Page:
Another interesting relationship between bully and victim isthat studies have also shown that people who are victims are likely to becomeaggressors in the online world. Beran et al. (2007) confirms this by stating,”students who are bullied through technology are likely to us technology tobully others”. Faucher et al. (2014) also found similar results claiming thatmale and female students decided to bully people online because they werebullied first.
Research has also been done thatlooks at how the bullies find their victims. Wegge et al. (2014) studied theperpetrators preferences in victims and found that 27 percent were in the samegrade, 14.2 percent were in different grades and a staggering 49.6 percent werenot schoolmates of the bullies. This evidence somewhat contradicts that of theother studies that state victims are generally bullied at school and at homebecause it shows that nearly half of the bullies prefer to bully people theydon’t go to school with and possibly have do not know at all. This continues tobuild and add to the idea of cyberbullying in that it allows bullies to createtheir own personas and images in order to try and intimidate and influenceothers without actually providing a physical intimidation factor.
Effects ofCyberbullyingThe first part of this literaturereview focused on the demographics of the bullies and their victims, but now wewill focus on the lasting effects and the trauma it brings to the victims aswell as the different forms of cyberbullying. While the platforms used aredifferent the lasting effects that the bullying has on the victims are verysimilar. Faucher et al. (2014) concluded that one of the main effects thatcyberbullies had on university students was that they were unable to accomplishsome of their school assignments. While many people think of effects ofbullying to be simply depression or low self esteem this study brought light toa much different more unexpected issues. Beran et al. (2007) also found similarresponses from victims of cyberbullying claiming that they often didn’t achievethe same marks in school and had lower concentration. These findings indicatethat the lasting impact that a cyberbully has on their victims is often moreharmful than what most people can see on the surface.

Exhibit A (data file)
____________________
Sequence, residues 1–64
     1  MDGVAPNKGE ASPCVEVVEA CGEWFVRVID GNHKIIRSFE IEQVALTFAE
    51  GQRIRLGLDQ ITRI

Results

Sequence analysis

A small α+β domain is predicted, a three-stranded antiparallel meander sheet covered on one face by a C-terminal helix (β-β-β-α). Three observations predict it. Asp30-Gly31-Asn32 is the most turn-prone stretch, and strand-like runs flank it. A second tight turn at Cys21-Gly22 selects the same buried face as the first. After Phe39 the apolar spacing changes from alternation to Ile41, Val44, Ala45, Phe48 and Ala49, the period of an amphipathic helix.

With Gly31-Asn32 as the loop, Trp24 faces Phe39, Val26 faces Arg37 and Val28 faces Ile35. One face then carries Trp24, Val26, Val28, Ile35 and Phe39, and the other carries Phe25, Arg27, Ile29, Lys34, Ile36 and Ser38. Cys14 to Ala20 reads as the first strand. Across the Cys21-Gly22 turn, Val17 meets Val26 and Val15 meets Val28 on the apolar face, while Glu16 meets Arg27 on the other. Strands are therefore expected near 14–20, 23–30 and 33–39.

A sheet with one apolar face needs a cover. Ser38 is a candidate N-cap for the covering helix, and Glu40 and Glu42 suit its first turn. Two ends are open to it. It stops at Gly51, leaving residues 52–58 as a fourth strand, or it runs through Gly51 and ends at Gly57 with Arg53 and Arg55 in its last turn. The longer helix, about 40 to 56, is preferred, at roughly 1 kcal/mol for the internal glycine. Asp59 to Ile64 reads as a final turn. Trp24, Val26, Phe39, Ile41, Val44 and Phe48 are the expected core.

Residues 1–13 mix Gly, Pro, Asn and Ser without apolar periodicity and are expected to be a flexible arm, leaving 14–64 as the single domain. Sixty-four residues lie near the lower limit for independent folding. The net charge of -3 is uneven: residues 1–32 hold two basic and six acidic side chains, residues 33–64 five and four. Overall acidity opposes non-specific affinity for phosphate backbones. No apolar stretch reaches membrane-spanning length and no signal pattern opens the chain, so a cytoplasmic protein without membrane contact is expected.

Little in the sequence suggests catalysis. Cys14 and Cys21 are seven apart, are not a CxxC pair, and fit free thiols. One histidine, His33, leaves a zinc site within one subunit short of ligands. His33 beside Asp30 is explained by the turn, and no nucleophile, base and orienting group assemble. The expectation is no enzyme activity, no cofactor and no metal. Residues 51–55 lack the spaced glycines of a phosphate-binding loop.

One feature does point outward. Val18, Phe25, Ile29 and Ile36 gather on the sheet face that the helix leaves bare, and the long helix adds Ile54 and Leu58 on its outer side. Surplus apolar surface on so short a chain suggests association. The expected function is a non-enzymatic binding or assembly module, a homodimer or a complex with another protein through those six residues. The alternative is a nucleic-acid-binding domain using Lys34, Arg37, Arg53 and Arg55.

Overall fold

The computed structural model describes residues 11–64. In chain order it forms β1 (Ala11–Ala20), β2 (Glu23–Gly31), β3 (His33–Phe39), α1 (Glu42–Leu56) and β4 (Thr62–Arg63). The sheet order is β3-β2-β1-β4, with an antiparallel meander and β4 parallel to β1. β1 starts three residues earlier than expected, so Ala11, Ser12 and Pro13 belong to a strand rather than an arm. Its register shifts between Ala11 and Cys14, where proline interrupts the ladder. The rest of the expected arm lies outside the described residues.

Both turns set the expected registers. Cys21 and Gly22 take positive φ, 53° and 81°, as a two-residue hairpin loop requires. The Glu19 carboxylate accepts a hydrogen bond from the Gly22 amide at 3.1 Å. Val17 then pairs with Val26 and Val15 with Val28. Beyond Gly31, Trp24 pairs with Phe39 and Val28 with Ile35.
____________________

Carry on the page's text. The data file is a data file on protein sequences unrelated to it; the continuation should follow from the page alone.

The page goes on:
Pieschl, Porsch, Kahl, andKlockenbusch (2013) found that cybervictims generally were less distressedduring the second confrontation with a cyberbully. This interesting findingindicates that victims of cyberbullies may actually become desensitized to theaggression over time lessening the effects of the bullying. Victimscoping techniques. When being faced by a bully it is important that victimslearn to cope and move on from their experiences in order to prevent them fromsuffering in their personal and professional life like some of the victims inprevious studies.
Davis et al. (2014) conducted a study on victim coping techniqueswhere they broke the techniques into two distinct categories, which werebehavioral and cognitive strategies. Davis et al. (2014) found that 74 percentof participants preferred behavioral strategies and of those 74 percent, 69percent of those people found the strategies to be effective.
These behavioralstrategies included seeking social support, making a creative outlet, orignoring and blocking the bully. Because of the growing trend of cyberbullyingthere have been people who have developed different programs to help raiseawareness for cyberbullying as well as offer help to the victims. One of theseprograms is known as Cyberprogram 2.0. Garaigordobil and Martinez-Valderrey(2015) conducted a study testing the effectiveness of this program and foundthat it was effective in decreasing the amount of traditional as well ascyberbullying, but also and more importantly it raised empathy among classmatestowards the victims of these actions. This is a big step in combatting bullyingbecause peers are constantly influencing each other. If the general consensusamong the class is that bullying is not funny and not right because theyempathize with the victims than it can go a long way in changing the socialnorm.